• Confessions of a Community College Dean

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Title

The Decline of Humanities Enrollments and the Decline of Pre-Law

The real reason?

September 16, 2018
 
 

I’ve been hearing variations on “crisis in the humanities!” ever since college. Back then it was largely about content; it was the early stages of the “canon” wars. But even then we used to hear, on a regular basis, that fewer students majored in the humanities than used to.

It was mostly measurement error. Humanities enrollments spiked around 1970, then subsided to their historic level by the early 80’s and stayed fairly steady for the next few decades.  The postmodern wave came and went, with no discernible impact on enrollments one way or the other. Narratives of decline that took 1970 as the point of contrast were based on mistaking an aberration for a norm.  If you move the start date back several decades, it becomes clear that the period from about 1965 to 1975 was a fluke. Once enrollments regressed to the mean, the subsequent battles over multiculturalism, cultural studies, postmodernism, and the like didn’t move the needle.

Over the last five years or so, though, the oft-issued warnings have finally started to come true. Enrollments in the humanities and the more qualitative social sciences are dropping, especially in the four-year sector.  (They remain strong in the two-year sector, where they’re heavily represented in general education requirements.)

Benjamin Schmidt, from Northeastern, has a good essay in the Atlantic speculating that the cause of the recent drop is the aftershock of the Great Recession. To which I’ll respond, well, kinda.

Schmidt correctly dismisses some of the usual canards around the narrative of decline. No, feminism and multiculturalism aren’t to blame; enrollments remained steady for decades after they became integral to the enterprise.  No, it’s not about postmodernism; again, basic chronology debunks that.

Schmidt lands instead on fear of unemployability, and the greatly exaggerated differences in employability that undergraduates often imagine.  Economically, on average, you’re no better off with a major in biology than a major in history, but students don’t necessarily know that; they hear “STEM STEM STEM” all their lives, and assume that biology is included.  Schmidt shows his roots as a historian in resorting to a sort of secular Calvinism to explain student behavior; they’re doing the sorts of things that they think economically rational people do. They’re getting it wrong, but the error doesn’t dismiss the motive.  He goes on to lament the pressure that students are under to treat their education instrumentally, in narrowly economic terms. The strongest point of his argument, I think, is in noting that in the military academies, a similar decline has not occurred. In the academies, post-graduation employment is guaranteed.  Where anxiety about post-graduation employment hasn’t increased, humanities enrollment hasn’t decreased. It’s not proof, but it’s consistent with the theory.

I’ll show my roots as a political scientist to raise a partial objection. It’s a myth that humanities majors don’t care about post-graduation employment. What changed was the safety valve of subsequent law school enrollment.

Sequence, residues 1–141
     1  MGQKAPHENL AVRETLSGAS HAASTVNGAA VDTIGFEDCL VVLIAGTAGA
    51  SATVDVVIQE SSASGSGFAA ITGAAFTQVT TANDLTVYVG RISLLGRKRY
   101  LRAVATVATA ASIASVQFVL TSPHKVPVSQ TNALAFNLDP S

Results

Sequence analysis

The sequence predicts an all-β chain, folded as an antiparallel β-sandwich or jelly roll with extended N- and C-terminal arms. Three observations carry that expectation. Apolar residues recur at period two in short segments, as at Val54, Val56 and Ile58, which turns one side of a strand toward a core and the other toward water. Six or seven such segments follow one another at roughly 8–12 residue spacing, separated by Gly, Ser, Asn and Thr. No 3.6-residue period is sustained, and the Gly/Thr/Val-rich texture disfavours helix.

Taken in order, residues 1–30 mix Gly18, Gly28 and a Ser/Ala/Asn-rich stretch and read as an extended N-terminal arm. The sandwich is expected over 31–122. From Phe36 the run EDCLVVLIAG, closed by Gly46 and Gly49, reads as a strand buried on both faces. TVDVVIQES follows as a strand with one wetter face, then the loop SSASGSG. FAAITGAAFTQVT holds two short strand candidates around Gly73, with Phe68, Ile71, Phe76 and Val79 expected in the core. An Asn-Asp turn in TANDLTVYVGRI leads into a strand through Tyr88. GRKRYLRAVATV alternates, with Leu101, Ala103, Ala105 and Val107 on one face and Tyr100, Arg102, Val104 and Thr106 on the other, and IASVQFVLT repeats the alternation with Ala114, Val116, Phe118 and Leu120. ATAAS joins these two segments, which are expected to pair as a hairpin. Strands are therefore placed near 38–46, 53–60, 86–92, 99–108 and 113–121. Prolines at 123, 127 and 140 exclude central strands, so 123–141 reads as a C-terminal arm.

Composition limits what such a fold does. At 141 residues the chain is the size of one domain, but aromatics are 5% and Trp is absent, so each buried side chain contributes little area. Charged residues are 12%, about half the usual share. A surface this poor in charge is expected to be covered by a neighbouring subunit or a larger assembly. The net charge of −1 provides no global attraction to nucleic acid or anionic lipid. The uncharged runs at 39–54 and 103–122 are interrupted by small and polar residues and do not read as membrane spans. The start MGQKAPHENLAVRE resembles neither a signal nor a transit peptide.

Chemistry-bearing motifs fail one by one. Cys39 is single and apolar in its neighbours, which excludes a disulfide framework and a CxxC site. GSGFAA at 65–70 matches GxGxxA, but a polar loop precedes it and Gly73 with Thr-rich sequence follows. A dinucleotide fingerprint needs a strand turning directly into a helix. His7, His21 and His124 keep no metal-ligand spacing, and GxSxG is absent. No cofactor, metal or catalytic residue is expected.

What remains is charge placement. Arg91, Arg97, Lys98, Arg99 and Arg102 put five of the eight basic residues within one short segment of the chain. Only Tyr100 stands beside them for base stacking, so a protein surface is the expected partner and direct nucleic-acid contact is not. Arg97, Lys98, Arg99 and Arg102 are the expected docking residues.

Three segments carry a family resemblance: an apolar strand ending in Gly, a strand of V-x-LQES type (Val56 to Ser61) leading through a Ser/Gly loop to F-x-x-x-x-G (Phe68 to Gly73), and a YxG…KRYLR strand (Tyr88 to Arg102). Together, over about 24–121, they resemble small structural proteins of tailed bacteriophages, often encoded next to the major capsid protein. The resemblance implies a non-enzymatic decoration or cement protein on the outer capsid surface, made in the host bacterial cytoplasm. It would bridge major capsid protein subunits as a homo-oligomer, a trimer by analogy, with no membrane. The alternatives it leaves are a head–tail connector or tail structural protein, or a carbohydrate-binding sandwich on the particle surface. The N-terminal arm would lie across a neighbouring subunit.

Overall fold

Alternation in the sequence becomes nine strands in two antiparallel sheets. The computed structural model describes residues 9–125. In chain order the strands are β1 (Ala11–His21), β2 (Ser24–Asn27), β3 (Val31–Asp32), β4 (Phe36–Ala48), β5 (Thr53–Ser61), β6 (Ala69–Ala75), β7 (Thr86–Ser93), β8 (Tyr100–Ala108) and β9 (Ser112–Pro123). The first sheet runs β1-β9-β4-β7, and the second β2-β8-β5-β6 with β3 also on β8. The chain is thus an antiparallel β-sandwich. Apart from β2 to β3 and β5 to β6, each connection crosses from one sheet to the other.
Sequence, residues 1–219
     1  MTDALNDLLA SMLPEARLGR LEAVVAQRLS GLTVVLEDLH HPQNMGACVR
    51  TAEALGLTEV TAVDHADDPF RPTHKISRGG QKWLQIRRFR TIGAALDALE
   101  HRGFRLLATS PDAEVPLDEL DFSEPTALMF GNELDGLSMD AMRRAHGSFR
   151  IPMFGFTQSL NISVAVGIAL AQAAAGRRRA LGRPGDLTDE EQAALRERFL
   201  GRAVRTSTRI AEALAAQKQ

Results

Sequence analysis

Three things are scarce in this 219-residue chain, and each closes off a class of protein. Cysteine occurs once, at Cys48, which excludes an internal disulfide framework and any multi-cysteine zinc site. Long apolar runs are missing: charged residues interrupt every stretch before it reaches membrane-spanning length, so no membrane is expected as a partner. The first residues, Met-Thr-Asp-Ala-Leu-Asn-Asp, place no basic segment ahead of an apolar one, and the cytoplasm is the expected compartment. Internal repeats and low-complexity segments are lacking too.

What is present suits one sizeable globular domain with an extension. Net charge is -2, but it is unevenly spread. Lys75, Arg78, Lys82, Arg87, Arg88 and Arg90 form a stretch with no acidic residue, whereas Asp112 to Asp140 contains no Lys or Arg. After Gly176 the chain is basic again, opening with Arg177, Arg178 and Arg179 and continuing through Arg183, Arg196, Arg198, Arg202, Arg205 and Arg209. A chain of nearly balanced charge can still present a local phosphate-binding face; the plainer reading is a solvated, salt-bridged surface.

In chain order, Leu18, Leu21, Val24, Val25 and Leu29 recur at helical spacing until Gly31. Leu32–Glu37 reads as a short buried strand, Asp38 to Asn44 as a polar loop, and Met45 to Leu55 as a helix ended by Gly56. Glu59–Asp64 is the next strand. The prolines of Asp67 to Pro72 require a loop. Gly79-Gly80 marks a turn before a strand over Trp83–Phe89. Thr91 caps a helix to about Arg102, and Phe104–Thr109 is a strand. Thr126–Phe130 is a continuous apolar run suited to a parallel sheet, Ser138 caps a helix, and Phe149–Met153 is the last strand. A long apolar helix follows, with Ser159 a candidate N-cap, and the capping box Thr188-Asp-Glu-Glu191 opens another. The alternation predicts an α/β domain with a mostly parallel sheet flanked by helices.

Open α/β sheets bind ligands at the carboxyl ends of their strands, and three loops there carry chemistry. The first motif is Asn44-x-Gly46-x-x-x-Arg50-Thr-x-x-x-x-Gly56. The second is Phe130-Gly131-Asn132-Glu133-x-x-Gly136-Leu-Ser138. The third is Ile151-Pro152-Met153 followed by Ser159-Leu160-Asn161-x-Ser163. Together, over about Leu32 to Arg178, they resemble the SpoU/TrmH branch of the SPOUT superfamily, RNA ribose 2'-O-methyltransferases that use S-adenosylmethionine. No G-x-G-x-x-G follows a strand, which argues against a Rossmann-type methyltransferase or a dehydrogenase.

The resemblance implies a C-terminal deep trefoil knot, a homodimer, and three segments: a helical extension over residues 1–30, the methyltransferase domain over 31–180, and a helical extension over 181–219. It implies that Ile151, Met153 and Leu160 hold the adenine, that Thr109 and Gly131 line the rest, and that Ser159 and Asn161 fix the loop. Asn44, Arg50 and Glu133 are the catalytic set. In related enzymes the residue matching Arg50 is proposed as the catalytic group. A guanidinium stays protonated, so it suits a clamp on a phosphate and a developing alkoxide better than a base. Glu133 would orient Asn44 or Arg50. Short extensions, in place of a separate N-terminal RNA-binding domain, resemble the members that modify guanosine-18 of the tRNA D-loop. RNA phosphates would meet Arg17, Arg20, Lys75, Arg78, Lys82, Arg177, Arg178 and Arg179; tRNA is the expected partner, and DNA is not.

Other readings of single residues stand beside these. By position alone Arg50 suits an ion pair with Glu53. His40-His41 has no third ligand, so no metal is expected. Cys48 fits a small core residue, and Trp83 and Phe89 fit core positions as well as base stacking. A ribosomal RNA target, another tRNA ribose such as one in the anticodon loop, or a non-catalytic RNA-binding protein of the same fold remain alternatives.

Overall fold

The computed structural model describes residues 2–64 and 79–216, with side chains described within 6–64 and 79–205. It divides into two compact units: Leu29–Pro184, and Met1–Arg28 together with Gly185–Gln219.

Law school was long the default post-graduation plan for majors in qualitative fields.  As long as you had the prospect of a lucrative legal career after college, you could safely major in English or poli sci.  Those students didn’t ignore the vocational imperative; they just postponed it. And for a long time, that worked pretty well.  

But the Great Recession, combined with AI and offshoring, did a number on law as a career option.  Law school debts kept going up, but the employment picture for new lawyers got abruptly worse. Applications to law school dropped precipitously.  

As interest in law school dropped, we shouldn’t be surprised that many of the pre-law feeders dropped, too.  Poli sci was the classic pre-law major, and it has taken it on the chin, despite a political environment which demands analysis more than any in my adult lifetime.  I’m honestly at a loss when I see sections of American Government only partially filling in 2018; you’d think that it would be the hottest ticket in town. But no.

Having spent time at DeVry during the first tech boom, and the first tech crash, I can attest that trying to time the job market years in advance is a tricky business. (The Chronicle had a decent piece last week on the Bowen report of the late 1980’s, predicting dire shortages of humanities faculty in subsequent decades. If a jobs forecast has ever been more spectacularly wrong, I haven’t seen it.)  Job markets fluctuate with the larger economy, with political changes, with technological shifts, and with all manner of other variables. I’m inclined to believe that some of the more fundamental academic skills -- sorting through lots of partial information, synthesizing it into something coherent, and communicating that synthesis clearly -- will continue to command premiums.  But it’s hard to get a lot more specific than that, especially at the four-year level.

Community colleges have the relative advantage here of being able to focus more on short-term turnarounds.  If a student needs a job in a year or less, this is the place to go. But guessing what will be hot ten years from now is pretty daunting.  There was a time when law seemed like a sure thing. Now, not so much.

So yes, humanities enrollments have declined, and yes, it seems plausible that the recession had a lot to do with it.  But no, it didn’t introduce vulgar economics into the choice of majors. Vulgar economics were always there. The recession simply took away an escape valve, and students responded accordingly.


 

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